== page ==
34. izen says:

    @-Jeff N
    ” If it costs more to provide renewable energy to a hotel on a sunny, windy beach in a moderate climate next to a geothermal hotspot than it does to ship oil 3,000 miles to burn, it is entirely reasonable to doubt that renewables are functional, cost effective alternatives to fossil fuels.”

    Or you could look into the rules the power companies use to choose which sources of power generation to use when wind farms and solar plants could produce ALL the power for that hotel at a cheaper cost than fossil fuels.
    They ‘curtail’ the power from the wind farms (which are actually capable of providing ALL the required power) in favour of the oldest sources of generation, like fossil fuels that are more expensive.
    Here is the ‘reason’ for this as reported from a CEO of a generating business in Hawaii;-

    ““Economic curtailment is not allowed for our PPAs, so the curtailment order is reverse chronological order by the PUC approval date, typically,” McNeff told Utility Dive during a visit to the MECO control room. “It’s kind of like, whoever got here first.”

    The curtailment order aims to ensure that older, more expensive facilities can continue to sell power as renewable energy prices decline. If economic curtailment was in place, “you would continually rob those earlier facilities,” McNeff said, “and what that eventually will do is cause no one to invest.”

  35. Canman says:

    ATTP, what did you tweet at him to get blocked?

  36. Dave_Geologist says:

    Here it is for the US with the Barack Obama administration added in

    And you were doing so well, even under Bush II. Until that blocking majority took control of Congress. Funny that. Almost as if they’re in somebody’s pocket. Or just wanted to block anything Obama, because, well, Obama.

  37. Canman says:

    Here’s a smaller version of the third graph that should show up:

  38. canman,

    ATTP, what did you tweet at him to get blocked?

    I think I may have called him condescending and arrogant which, although clearly true, maybe isn’t very polite.

  39. Jeff N says:

    izen. Hawaiian electric built it’s first wind farm for power generation in 1985- 33 years ago and 3 years before Hansen wowed congress. Are you suggesting some greedy conspiracy to use the highest cost, least effective power source over the last three decades? I prefer Occam’s Razor.

  40. C’mon, stay on topic. Which was, oh sh*t, I forget now. It’s another “Nukes! Nukes! Nukes!” thread.

    Yawn. Nuclear cement, nuclear aviation, nuclear agriculture, what can’t it do, hippies?

    Halving overall emissions in the upcoming critical decade(s), for starters…

  41. Ha ha, having gone back to actually check the core topic of the discussion…

    Maybe the nukies present might wonder whether they:

    focused too heavily on public mobilization and exposing denial, ignoring other strategies likely to accelerate societal change…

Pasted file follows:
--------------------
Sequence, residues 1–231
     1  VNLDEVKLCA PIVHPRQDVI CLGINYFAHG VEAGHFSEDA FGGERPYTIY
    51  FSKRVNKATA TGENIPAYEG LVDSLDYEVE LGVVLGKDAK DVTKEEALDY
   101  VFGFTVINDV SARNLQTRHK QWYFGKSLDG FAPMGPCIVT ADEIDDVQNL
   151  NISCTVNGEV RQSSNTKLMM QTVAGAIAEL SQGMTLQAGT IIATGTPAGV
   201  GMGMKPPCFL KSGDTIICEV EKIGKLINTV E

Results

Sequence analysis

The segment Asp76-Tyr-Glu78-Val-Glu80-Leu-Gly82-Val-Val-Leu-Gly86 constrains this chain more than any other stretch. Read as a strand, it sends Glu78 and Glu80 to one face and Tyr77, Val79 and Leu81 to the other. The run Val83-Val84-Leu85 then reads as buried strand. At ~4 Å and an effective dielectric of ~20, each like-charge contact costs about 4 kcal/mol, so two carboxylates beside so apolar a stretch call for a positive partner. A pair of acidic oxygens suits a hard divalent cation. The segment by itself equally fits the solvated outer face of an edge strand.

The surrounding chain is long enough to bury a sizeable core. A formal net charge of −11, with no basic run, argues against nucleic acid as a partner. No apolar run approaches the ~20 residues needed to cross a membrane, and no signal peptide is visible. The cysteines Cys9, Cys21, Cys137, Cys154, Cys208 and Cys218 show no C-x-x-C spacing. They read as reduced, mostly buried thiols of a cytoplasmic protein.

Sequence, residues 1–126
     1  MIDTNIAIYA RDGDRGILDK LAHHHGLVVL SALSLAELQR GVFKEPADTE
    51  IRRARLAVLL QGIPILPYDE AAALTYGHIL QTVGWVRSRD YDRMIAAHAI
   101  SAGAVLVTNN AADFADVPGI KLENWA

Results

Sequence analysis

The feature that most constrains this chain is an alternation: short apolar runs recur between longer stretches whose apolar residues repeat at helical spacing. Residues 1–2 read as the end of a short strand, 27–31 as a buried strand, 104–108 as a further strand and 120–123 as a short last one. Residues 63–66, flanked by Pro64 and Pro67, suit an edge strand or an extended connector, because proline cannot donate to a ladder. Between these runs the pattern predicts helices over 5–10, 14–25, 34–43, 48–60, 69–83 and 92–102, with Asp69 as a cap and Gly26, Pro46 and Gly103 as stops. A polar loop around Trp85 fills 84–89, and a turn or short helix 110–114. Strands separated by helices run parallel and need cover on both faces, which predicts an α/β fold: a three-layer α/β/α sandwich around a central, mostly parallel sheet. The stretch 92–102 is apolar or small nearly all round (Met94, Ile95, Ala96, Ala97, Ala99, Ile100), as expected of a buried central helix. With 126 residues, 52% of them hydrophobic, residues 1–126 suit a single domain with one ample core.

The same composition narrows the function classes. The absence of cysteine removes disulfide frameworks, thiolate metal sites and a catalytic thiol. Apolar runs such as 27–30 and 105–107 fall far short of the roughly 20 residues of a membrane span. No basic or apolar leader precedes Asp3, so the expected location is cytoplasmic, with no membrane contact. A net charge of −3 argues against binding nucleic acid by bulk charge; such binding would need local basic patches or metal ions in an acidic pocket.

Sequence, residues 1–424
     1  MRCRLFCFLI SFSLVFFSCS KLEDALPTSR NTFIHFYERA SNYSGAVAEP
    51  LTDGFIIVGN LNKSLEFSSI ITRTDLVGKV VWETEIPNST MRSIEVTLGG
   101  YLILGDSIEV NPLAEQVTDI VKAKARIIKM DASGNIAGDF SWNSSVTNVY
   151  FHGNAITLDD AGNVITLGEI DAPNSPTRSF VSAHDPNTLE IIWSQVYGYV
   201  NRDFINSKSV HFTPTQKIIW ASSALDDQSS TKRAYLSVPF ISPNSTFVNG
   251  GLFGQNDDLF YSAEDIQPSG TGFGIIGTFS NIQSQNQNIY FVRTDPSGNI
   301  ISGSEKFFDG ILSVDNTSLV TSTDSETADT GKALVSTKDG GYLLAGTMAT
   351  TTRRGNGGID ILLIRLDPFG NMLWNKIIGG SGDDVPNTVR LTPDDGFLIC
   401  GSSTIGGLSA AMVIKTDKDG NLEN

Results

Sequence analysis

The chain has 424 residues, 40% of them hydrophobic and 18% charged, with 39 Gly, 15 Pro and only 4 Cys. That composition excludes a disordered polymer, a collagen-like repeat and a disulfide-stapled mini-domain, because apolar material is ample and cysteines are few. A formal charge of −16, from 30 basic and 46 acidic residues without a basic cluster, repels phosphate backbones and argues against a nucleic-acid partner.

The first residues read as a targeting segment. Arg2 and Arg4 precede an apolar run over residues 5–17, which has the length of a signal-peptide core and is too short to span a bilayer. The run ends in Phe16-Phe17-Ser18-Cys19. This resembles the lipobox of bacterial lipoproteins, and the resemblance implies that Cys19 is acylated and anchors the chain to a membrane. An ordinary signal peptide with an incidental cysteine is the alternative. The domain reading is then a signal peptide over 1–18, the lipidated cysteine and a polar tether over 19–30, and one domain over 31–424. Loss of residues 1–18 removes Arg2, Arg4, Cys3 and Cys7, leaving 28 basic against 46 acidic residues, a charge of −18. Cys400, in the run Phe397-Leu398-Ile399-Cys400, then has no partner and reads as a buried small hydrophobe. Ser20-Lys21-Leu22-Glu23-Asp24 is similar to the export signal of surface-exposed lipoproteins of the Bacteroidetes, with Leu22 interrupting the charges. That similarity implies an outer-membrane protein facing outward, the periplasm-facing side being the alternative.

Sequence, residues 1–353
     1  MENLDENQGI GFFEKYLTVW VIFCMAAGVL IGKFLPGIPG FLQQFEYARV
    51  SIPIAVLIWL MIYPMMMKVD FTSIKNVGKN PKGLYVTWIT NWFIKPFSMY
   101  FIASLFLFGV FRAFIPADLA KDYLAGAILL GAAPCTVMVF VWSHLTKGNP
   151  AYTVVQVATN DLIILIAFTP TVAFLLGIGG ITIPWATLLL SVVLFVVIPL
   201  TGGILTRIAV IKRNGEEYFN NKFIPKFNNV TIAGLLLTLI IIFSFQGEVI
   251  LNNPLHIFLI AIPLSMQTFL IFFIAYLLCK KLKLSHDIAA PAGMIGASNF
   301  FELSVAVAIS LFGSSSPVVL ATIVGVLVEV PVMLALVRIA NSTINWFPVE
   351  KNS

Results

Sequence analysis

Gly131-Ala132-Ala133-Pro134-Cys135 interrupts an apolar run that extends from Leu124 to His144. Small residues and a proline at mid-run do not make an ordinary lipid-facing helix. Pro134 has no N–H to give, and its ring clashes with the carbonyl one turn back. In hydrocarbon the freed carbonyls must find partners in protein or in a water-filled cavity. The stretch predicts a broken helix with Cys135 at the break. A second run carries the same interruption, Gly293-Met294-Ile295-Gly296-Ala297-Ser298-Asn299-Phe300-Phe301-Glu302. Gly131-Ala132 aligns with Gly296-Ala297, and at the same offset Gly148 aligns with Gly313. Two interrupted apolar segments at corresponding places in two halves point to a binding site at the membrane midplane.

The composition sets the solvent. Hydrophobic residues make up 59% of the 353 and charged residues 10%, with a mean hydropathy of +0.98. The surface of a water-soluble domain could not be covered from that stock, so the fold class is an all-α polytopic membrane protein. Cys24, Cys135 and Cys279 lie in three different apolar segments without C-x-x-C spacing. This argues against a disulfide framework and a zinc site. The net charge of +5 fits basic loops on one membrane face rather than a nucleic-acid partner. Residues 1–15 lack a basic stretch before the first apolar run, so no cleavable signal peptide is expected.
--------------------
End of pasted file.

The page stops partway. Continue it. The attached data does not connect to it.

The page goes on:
Ha ha, a price on carbon comes to mind… ha, ha, ha…

  42. verytallguy says:

    Izen

    @-verytallguy
    ” It may be more expensive than coal power, but so is solar and wind.”

    Seems like I’m entitled not just to my own opinions, but other people’s too!

    [check the quote, it wasn’t me. In fact, insightful as my opinions always are, I’ve yet to share them at all on this thread. I expect everyone is devastated, naturally]

  43. verytallguy says:

    Noting whose opinions were ascribed to me, I find

    I am happy to accept that 1/2 of the warming since 1880 (or even 1750) has been caused by humans, but am not willing to accept that all warming since 1750 (or 1880) has been caused by humans. Some people call me a denier for this position, but I don’t actually think that is an accurate label.

    I am happy to accept that the writer of these words is a 1/2 wit, but am not willing to accept he is a total fuckwit. Some people call me a denier for this position, but I don’t actually think that is an accurate label.

  44. Joshua says:

    I would like to see tax incentives to persuade power companies.

    Have you looked into the practical logistics of providing tax cuts sufficient to finance a large scale build up of nuclear power? What is your rough estimate of the numbers involved? Are there even enough in taxes to reach the cost even if power companies paid zero in taxes?

    What services would you give up in return for the lower tax revenue? How would you propose garnering enough public support to cut that amount in services? Do you think the government should just cut the services even if there isn’t sufficient public support?

  45. Joshua says:

    Canman –

    Shellenberger is clearly showing a concern about the future well being of humanity. If you have any evidence [showing] against this, please share it.

  46. Richard Arrett says:

    Joshua:

    I have done none of these things. I am just expressing my opinion about what I personally think would be the best way to transition to a more carbon free energy production.

    All I know is we managed to build 100 of these plants so far (in the USA). I live in Minnesota and we have two nuclear power plants, which I believe were paid for by private companies – so it can be done. We just need to do it all over again, three times (100 than another 100 and than another 100 plants and we will be at 80% nuclear and 20% renewable).

    Since 60% of our energy is still fossil fuel based (in the USA), which is baseload (not intermittent), it makes sense to replace it with another baseload source (like nuclear). Wind and solar requires a baseload backup to step in when it is not windy or sunny, and nuclear could provide that also. Better nuclear as backup for intermittent power than coal, in my opinion.